Putting a Value on Things Under California Probate Law
Items the probate referee assigned value to
Part of the decedent’s estate, listed on Attachment 2 of the Inventory and Appraisal Form, will need to a probate referee value assigned, and the California probate court will appoint the probate referee. The process where the probate referee values the property takes time. This portion of the probate process can take up to 12 weeks and possibly longer based on the work load of the probate referee and the county in which the probate is taking place.
This includes assets in the following categories:
- Real property, such as land, houses, farms, commercial property, life estates, stock cooperatives
- Business interests, such as interests in corporations, partnerships, or sole proprietorship.
- Tangible personal property, such as jewelry, art, collections, motor vehicles, boats, airplanes, livestock, breeding animals…
- Promissory notes, securities, and other interests, such as patents, rights, royalties…
What items do personal representatives assigned value to?
On Attachment 1 of the Inventory and Appraisal, the personal representative will list everything that has a defined monetary value and does not have to be evaluated by the appointed probate referee. He or she will then list the value of each item as established on the day of the decedent’s death.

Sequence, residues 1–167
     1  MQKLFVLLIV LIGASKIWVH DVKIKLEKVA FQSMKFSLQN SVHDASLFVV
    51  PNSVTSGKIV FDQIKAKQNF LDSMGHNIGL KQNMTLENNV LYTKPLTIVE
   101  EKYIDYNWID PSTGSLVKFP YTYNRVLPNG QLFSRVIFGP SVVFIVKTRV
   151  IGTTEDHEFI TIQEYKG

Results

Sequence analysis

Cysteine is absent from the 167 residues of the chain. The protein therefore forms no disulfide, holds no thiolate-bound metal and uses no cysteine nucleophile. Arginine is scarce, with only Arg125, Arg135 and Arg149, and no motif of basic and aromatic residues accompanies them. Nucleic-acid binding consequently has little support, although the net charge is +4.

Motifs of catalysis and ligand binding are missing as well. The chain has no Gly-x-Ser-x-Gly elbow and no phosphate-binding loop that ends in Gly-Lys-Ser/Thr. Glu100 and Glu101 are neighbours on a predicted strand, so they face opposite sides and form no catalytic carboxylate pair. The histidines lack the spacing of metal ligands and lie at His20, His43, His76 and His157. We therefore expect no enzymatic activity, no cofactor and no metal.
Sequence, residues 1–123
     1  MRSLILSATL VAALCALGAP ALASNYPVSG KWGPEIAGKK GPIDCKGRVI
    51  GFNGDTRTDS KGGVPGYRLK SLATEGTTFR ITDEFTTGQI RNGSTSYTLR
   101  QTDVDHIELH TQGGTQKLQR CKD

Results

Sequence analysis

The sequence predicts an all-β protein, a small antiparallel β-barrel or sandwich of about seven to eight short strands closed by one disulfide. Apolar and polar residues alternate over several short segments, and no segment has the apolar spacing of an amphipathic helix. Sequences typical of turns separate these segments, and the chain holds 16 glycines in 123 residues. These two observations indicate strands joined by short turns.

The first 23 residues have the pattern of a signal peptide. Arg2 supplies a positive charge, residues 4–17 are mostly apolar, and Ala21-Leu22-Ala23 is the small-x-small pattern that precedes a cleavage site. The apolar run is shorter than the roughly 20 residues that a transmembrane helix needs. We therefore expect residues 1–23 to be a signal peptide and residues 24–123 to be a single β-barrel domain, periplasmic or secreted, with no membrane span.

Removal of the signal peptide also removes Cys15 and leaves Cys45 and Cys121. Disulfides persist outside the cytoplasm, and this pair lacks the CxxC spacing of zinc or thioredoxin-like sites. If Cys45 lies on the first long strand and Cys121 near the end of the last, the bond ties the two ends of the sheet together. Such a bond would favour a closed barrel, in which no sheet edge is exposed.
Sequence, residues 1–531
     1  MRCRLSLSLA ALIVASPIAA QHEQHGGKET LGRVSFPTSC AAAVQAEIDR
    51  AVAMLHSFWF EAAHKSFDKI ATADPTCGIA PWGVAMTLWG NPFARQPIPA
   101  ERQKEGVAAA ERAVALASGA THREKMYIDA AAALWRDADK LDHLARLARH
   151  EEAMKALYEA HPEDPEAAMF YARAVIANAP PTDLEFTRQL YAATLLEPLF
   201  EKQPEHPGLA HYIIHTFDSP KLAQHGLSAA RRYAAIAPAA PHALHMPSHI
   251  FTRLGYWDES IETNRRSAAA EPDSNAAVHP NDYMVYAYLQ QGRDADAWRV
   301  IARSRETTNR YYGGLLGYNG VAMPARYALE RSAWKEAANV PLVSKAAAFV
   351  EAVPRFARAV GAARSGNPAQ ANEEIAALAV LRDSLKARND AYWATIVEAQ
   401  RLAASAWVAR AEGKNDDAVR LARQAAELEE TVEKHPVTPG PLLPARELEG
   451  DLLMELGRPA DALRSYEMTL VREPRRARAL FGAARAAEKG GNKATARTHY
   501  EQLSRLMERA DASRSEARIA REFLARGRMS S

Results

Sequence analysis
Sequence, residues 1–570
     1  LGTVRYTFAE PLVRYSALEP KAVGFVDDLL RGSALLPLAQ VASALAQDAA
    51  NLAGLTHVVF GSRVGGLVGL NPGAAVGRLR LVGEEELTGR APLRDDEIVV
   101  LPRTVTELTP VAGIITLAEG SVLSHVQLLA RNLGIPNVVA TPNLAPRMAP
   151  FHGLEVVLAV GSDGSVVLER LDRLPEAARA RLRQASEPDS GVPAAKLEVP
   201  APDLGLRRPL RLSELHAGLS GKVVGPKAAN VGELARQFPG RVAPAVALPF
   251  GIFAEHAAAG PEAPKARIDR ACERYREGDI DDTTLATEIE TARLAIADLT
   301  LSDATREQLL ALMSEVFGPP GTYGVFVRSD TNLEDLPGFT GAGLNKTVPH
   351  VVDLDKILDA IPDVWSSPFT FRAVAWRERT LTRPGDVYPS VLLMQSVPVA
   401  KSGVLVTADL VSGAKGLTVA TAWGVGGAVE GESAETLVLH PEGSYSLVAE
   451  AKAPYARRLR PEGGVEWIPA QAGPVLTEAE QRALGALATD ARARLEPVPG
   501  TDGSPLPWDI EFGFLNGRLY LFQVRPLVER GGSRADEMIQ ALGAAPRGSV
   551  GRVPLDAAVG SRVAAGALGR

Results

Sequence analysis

These assets include:
- Money, checks, and other items that can immediately be converted into cash
- Checks issued after the date of death relative to a situation existing before that date, such as tax refunds, refunds of utility bills, medical insurance payments
- Bank accounts and certificates of deposit
- Money market funds, such as a brokerage cash account
- Insurance proceeds or retirement funds payable to the estate
Do you have questions about putting a value on assets? Talk to San Diego trust litigation and probate attorney Scott Grossman about your situation and the questions you have. Call our office at (951) 683-3704 or (888) 443-6590 for your FREE 30-minute telephone consultation. Also, order our FREE legal book The Insider’s Guide to California Probate and Trust Administration.